It has been a mixed month, with a massive boost to aged care funding – a tremendous achievement – and a nasty attack brewing against workers compensation.
It has been three years in the making but it has been worth the wait. The Gillard Government has announced that it wants to inject $1.2 billion over four years starting July 2013 into the aged care workforce. The money will go towards higher wages, improved career structures, better training and education and workforce planning. The new funding is dependent on the parliamentary process, so there is still a need to be cautious. It will require the passing of the budget in what is a fragile parliament and it still requires a bargained outcome by unions and employers. Nonetheless, by any account this is a major step forward for the sector and all the nurses who work in it.
The new funding is testimony to the persistence, resilience, courage and commitment of aged care nurses who have driven the Because We Care campaign.
While the federal government has risen to the occasion on aged care, the NSW government continues to show terrible contempt for NSW workers. Workers’ compensation is their latest target. It is a terrible tragedy when someone suffers harm through a workplace injury, which prevents them from earning their livelihood. There are many nurses who find themselves in this situation. The profession contains inherent hazards that can lead to this.
The workers’ compensation scheme has been a hard-fought-for safety net to catch people who, through sheer misfortune in the workplace, lose their capacity to earn a living and are injured, sometimes permanently, by their work. Media reports indicate that the O’Farrell Government is planning to remove half of the 28,000 workers who currently receive benefits and medical expenses from the NSW workers’ compensation scheme. The other half will quickly find themselves on a benefit of $432 a week. There are not many people who could meet their mortgage on such an income.
If implemented, this measure will reduce many vulnerable people to abject poverty. To eviscerate this scheme, as the government appears to be planning to do, is mean-spirited and cruel. It is also unnecessary. Any worker who has been directly involved in workers’ compensation knows that there is no fat in the system and it is inevitably one of the worst experiences of their working lives. The government alleges that the scheme has a $4 billion deficit. But an analysis by Unions NSW suggests this is a confected excuse to roll back a progressive workplace right.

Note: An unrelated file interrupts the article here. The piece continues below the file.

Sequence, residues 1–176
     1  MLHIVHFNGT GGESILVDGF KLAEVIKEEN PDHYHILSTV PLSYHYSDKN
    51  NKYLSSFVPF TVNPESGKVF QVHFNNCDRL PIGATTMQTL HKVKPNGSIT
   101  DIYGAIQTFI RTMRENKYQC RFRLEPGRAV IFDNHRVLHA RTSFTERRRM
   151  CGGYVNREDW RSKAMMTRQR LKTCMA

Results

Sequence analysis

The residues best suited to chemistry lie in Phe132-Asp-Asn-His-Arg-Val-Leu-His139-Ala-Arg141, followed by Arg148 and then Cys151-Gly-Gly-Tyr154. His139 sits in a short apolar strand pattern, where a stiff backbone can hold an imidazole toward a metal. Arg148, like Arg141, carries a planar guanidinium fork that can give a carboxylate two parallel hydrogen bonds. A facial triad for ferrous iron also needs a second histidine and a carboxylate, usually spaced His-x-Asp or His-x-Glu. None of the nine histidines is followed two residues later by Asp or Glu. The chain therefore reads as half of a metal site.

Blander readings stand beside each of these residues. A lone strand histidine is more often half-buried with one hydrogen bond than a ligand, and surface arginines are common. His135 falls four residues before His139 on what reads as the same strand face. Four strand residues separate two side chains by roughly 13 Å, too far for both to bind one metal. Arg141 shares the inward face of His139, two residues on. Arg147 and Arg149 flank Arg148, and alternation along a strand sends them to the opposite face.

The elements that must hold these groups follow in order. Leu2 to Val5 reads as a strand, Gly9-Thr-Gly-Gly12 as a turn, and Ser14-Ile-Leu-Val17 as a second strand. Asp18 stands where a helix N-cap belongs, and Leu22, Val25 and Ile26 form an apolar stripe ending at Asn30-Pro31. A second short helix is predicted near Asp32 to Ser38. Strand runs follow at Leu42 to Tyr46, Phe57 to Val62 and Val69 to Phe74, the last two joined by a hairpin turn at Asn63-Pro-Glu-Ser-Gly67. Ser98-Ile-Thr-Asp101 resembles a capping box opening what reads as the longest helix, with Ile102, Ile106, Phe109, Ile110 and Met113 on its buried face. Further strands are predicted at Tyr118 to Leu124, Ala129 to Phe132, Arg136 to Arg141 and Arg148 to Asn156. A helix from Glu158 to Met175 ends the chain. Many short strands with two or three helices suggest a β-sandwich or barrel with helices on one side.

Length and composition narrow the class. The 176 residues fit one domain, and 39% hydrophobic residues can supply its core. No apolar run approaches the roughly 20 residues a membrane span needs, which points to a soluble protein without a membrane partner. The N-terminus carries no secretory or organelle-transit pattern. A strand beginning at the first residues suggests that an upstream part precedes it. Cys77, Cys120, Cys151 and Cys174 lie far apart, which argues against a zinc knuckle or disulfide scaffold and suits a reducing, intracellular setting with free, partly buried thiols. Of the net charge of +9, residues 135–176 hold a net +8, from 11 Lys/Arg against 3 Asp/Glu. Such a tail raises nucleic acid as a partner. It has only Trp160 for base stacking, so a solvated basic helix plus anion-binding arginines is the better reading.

Unions NSW suggests a number of changes that would improve the way the scheme operates and reduce the size of its liabilities, without prejudicing the welfare of the people the scheme was designed to protect. The number of attacks by the O’Farrell Government, initially only targeted at public sector workers but now being extended to all NSW workers, continues to mount.In the past few months many nurses have visited their local MPs and made it clear that ill-thought and uninformed attempts to save money always have severe consequences for the community.
An attack on workers’ compensation entitlements, like the other workplace rights currently being eroded, will hurt our members and the community of NSW. I urge you to continue these visits to your local MPs and to continue to exert this pressure.
There is other good news. Our hard-fought-for nurse-to-patient ratios continue to be rolled out throughout the state and where they have been implemented the feedback is excellent. They are making a significant difference to patient care – as we knew they would. We need to continue to reinforce their benefits to the people of NSW.
Remember, these ratios are an award entitlement. There is an agreement in place that they should be delivered over two years with completion by June 2013. The NSWNA continues its oversight of this process, in some instances applying pressure to ensure delivery. So far members who have visited their local MPs have been given assurances that ratios are safe until the next Public Health System agreement is negotiated.
The most recent visit by constituents of the Health Minister extracted a verbal commitment to retention of NHPPD (nursing hours per patient day), but no commitment to expand them or ratios to other much needed areas. We will be seeking those verbal commitments, given by Minister Skinner, in writing. Expansion will require a very convincing campaign in 2013.
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